Broadband photometry of 105 giant arcs: Redshift distribution constraints and implications for giant arc statistics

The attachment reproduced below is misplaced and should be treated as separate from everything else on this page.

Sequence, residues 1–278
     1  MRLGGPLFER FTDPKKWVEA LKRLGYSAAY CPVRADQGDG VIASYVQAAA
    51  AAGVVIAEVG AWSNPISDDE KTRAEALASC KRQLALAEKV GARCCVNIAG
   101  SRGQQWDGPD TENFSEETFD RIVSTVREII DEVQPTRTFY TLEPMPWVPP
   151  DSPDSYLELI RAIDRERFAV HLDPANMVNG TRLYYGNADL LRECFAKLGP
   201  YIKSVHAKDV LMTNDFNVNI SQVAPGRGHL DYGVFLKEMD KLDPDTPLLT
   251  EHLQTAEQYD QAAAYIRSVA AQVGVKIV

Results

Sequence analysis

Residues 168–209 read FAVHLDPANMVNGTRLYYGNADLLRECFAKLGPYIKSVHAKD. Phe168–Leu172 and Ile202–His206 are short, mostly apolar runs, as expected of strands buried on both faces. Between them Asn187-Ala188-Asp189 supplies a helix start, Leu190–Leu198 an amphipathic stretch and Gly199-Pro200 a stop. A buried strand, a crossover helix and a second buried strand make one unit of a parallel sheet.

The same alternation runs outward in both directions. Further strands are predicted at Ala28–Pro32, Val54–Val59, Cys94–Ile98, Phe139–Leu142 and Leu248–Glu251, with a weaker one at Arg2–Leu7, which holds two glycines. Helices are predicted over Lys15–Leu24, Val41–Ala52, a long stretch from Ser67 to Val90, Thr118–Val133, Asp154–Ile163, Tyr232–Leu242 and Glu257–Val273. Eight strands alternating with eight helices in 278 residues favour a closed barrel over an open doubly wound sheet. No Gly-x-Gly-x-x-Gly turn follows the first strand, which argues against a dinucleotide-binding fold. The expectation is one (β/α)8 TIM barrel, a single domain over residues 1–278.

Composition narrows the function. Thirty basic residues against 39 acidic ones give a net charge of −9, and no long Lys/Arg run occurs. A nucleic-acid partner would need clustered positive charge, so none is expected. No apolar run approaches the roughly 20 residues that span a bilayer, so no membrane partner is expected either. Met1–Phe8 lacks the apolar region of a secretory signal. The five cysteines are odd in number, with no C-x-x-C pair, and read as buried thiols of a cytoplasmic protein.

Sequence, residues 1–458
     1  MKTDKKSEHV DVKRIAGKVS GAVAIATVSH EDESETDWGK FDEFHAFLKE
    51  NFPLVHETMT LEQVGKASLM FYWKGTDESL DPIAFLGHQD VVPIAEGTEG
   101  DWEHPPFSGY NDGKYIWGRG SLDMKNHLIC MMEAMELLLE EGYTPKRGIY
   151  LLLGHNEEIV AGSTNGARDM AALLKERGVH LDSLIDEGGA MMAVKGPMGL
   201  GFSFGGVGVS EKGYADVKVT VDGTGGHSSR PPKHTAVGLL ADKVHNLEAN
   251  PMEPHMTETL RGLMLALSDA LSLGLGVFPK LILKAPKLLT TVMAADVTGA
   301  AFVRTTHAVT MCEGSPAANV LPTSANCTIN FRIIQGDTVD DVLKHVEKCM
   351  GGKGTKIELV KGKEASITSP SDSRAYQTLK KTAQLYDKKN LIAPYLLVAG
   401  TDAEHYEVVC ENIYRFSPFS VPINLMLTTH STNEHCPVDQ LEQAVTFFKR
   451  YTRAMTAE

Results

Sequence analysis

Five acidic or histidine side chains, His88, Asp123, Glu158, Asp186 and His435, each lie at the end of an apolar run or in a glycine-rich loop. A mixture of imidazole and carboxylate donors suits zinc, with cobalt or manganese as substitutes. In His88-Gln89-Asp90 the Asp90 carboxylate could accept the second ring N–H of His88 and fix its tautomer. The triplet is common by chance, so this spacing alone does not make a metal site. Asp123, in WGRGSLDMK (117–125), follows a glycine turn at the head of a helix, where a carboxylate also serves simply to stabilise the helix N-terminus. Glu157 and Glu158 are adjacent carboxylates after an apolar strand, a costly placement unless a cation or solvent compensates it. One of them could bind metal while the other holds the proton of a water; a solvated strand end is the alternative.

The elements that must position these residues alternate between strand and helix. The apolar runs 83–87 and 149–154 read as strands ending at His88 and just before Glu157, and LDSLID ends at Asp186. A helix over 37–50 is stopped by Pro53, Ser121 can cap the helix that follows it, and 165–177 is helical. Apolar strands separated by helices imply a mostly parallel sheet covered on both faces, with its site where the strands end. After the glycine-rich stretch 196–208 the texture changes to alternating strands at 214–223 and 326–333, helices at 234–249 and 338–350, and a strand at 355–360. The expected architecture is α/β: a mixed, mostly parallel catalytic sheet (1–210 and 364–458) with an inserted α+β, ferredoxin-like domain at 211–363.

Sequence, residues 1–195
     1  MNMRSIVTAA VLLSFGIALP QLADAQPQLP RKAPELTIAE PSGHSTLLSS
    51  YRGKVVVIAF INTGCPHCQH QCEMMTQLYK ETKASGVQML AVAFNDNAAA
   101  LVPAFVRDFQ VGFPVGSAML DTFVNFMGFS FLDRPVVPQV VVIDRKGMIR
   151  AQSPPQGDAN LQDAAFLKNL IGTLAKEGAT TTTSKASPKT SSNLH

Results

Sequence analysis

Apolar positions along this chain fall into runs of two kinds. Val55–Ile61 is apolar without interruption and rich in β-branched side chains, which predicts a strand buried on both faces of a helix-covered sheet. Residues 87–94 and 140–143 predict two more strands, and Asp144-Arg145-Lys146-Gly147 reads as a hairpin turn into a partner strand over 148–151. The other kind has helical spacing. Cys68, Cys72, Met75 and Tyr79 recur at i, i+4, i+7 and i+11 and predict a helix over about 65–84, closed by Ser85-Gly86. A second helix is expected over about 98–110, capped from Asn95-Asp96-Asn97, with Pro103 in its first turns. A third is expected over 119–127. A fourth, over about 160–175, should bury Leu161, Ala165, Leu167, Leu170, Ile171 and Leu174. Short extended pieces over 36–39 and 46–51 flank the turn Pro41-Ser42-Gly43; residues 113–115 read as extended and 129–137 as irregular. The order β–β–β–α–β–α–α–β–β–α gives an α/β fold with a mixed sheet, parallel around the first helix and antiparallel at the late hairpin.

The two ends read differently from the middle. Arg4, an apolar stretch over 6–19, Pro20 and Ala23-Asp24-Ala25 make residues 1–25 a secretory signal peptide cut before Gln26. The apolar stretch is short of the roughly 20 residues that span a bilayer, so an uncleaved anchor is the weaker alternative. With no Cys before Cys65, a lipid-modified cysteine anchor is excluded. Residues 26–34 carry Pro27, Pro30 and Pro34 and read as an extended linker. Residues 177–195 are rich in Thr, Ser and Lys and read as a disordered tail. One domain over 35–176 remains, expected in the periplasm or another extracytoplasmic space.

We measure the bulk photometric properties of a sample of 105 giant arcs that were identified in systematic searches for galaxy-cluster-scale strong lenses in the Second Red-Sequence Cluster Survey (RCS-2) and the Sloan Digital Sky Survey (SDSS). Using well-established optical broadband color criteria we sort the entire arc sample into redshift bins based on u-g and g-r colors, and for approximately 90% of the full giant arc sample we also measure z-band photometry and r-z colors. This analysis yields broad redshift constraints and linear brightness measurements for the entire sample of arcs, confirming that a majority these objects reside at high redshift, with ∼85% at z > 1, ∼65% at z > 1.4, ∼56% at z ≥ 1.9, and ∼21% at z ≥ 2.7. The arcs have an inferred median redshift of z = 2, in good agreement with a previous determination of the redshift distribution of a smaller sample of much brighter arcs. The agreement between the two measurements suggests that z = 2 is the typical redshift for giant arcs produced by cluster-scale strong lensing, independent of typical brightness of the arcs, and that this observed redshift distribution should therefore provide a good description of samples of lensed arcs over a wide range of arc brightnesses. Both the redshift distribution and linear brightness distribution of giant arcs are direct observables that inform efforts to accurately simulate the statistics of giant arcs as a function of cosmology. Establishing that half of all giant arcs are galaxies at z > 2 contributes significantly toward relieving the tension between past claims of an order of magnitude discrepancy between the number of giant arcs observed and the number expected in a ΔCDM cosmology, but there is considerable evidence to suggest that a discrepancy persists. Additionally, this work confirms that forthcoming large samples of giant arcs will supply the observational community with a large number of strongly lensed galaxies at z > 2. These sources will be significantly magnified and therefore provide an opportunity to investigate the individual properties of intrinsically faint galaxies at much higher signal-to-noise than can be achieved ix for individual sources in the field.